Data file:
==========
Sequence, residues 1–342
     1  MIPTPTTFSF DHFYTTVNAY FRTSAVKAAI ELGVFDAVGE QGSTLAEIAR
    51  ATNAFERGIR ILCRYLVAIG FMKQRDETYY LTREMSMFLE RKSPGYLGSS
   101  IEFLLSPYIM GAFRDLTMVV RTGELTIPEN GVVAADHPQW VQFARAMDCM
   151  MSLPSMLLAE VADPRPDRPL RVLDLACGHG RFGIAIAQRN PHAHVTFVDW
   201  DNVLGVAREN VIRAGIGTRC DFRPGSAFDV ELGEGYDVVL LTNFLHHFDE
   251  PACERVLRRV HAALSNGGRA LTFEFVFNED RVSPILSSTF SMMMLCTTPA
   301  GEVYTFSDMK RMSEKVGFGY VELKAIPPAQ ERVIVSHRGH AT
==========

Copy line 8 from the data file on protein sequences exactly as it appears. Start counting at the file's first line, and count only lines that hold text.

   301  GEVYTFSDMK RMSEKVGFGY VELKAIPPAQ ERVIVSHRGH AT